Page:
After all the snow and extreme cold we’ve had over the past week, I decided yesterday I needed to get out and about, even if it was cloudy and in the mid 40s. I spend a lot of time with my cameras, driving around Martinsville, Virginia where we live, looking for interesting sights and memories to share. Why I picked going to Lake Lanier I don’t know. As the next image shows, I’m glad I did.
I made photos of the boat house and canoes laying on shore from various angles. Had it not been cloudy as it was, I’m not sure I could have captured the soft look I did.
And there’s the wildlife. Ducks, geese and two magnificent swans were there … the latter swimming up next to shore where I was standing. I felt like they were posing for me. Perhaps they were.
As I was walking around the lake (about an hour’s leisurely stroll) I spotted an adjacent pond with an interesting fishing pier projecting out. Peaceful indeed.
The lesson learned for me that day is that it’s not the weather that matters, it’s what we do with it.
As the sun lowered in the sky late this afternoon, after twelve hours of moderate to heavy snowfall (the first of 2017 for us here in SW Virginia) the beauty of our back yard made me smile. I made the Barn Quilt you see attached to the side of our storage shed for my wife Barb several years ago, and its color, that of the shed and the dark blue sky really made this scene memorable. I believe this will be just one of hundreds more I’ll record during this new year. Many to share here.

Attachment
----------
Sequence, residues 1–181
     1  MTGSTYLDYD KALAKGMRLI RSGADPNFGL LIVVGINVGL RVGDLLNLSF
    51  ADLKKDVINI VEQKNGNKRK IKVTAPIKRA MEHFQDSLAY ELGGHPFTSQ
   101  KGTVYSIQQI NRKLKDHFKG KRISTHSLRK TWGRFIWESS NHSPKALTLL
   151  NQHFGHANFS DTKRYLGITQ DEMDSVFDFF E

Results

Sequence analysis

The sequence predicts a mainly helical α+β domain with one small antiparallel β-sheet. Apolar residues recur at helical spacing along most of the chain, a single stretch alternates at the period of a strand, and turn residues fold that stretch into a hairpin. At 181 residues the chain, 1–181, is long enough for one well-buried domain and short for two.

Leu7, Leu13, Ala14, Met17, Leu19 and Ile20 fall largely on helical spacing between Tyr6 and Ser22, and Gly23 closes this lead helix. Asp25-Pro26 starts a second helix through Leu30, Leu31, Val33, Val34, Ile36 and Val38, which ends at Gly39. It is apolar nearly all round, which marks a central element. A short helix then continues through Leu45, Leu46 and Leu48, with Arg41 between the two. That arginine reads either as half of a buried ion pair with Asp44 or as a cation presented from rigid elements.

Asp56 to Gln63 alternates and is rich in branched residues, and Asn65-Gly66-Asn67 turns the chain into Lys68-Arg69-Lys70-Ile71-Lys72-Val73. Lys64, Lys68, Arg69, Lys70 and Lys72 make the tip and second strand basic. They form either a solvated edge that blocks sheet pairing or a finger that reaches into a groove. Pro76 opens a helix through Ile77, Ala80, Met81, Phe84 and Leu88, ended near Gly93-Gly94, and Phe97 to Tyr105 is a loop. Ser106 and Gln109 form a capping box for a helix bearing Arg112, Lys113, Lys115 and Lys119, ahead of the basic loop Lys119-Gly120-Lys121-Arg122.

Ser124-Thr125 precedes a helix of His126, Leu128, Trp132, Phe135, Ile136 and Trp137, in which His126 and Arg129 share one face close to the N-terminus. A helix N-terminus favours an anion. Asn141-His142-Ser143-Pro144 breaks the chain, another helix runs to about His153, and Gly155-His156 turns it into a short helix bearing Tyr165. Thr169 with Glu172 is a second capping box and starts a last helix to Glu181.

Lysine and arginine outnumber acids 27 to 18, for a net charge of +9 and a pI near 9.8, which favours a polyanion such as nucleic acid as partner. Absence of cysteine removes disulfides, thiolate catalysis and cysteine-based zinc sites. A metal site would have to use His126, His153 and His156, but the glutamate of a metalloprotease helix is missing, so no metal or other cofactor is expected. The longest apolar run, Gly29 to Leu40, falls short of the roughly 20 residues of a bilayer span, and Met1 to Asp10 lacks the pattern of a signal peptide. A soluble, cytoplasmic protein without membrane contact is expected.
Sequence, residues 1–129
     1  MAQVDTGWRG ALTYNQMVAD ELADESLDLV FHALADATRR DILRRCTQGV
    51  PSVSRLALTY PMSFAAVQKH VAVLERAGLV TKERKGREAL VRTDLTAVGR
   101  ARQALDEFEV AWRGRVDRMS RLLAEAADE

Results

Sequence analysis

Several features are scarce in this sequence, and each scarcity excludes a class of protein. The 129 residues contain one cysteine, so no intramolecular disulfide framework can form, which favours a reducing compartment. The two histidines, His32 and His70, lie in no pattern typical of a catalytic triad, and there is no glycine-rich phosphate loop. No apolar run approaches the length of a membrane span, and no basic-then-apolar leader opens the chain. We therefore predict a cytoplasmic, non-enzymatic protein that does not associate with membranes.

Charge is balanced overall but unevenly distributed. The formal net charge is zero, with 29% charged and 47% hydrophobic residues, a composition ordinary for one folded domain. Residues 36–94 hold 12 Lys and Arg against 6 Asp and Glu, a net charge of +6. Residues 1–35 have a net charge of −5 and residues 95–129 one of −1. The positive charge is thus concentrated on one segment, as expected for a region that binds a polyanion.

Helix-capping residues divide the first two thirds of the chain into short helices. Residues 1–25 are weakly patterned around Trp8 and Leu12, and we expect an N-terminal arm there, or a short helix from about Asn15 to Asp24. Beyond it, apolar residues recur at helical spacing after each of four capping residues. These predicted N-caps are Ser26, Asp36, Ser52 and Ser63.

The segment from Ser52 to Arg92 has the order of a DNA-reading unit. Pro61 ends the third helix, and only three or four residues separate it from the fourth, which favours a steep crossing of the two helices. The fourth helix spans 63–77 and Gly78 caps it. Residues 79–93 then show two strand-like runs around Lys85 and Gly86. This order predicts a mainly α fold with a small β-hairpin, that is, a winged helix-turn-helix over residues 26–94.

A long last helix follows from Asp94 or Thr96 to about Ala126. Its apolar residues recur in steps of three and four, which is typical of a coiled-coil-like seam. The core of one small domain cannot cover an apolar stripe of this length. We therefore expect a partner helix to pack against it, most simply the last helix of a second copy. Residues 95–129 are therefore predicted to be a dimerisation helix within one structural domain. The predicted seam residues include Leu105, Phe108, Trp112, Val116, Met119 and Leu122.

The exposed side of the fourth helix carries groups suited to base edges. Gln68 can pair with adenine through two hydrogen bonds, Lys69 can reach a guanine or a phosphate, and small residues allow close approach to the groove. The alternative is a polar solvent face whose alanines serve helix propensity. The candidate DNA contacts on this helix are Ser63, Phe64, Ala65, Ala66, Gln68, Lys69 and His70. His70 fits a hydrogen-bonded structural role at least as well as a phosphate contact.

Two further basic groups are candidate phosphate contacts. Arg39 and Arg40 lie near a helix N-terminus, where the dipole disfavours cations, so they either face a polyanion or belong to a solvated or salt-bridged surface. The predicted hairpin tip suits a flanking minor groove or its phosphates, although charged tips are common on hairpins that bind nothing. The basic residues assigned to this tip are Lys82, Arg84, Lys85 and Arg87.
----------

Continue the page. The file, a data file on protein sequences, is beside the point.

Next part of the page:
I listened to a talk recently that discussed how “what we think”, can define “who we are.” If for example, in 2016 we awoke every day worrying about a problem or situation in our lives we had to face that day, and let that define how the day went, we’d walk around sorta miserable all the time. If we continued that thought process day after day in 2016, by the end of the year there might be a good chance that pattern of thinking would carry over into 2017. Unless we change the way we think. Such as looking at each day as an opportunity to conquer some challenge, meet some goal, do good things for others, or being truly thankful for all the great things in our lives. If we think that way in 2017, even though in reality we still have all the same challenges we had in 2016 (maybe more), perhaps our attitude about ourselves and others in 2017 will be significantly better. I choose to think differently. Happy New Year.
Few things make me happier these days, than being able to enjoy times together with family. Daughter Amy is visiting now with her two sons Stephen (right) and Daniel (left). Today, they went with me on a nice walk in the woods near our home, along the Smith River. As we walked and talked, my camera eye spotted lots of interesting colors and patterns you can see below. The trail we walked along the river reminded me of all the interesting sights these two young men will see during their walk down the path they are on, so long as they look around the next bend and experience unknown adventures. Shorty, Stephen will be in the U.S. Coast Guard, and Daniel will enter Appalachian State University in Boone, NC. Exciting times for sure for these two guys, and I’m vary thankful to have spent time with them today “in the woods.”
When temperatures fall, and many tree leaves are on the ground (or in the water in this case) I enjoy looking for photo compositions that confirm the season we are experiencing in definite visual ways. I suppose many like me have a magnetic attraction to “water in nature” no matter its type and form. Just go find it if that’s you.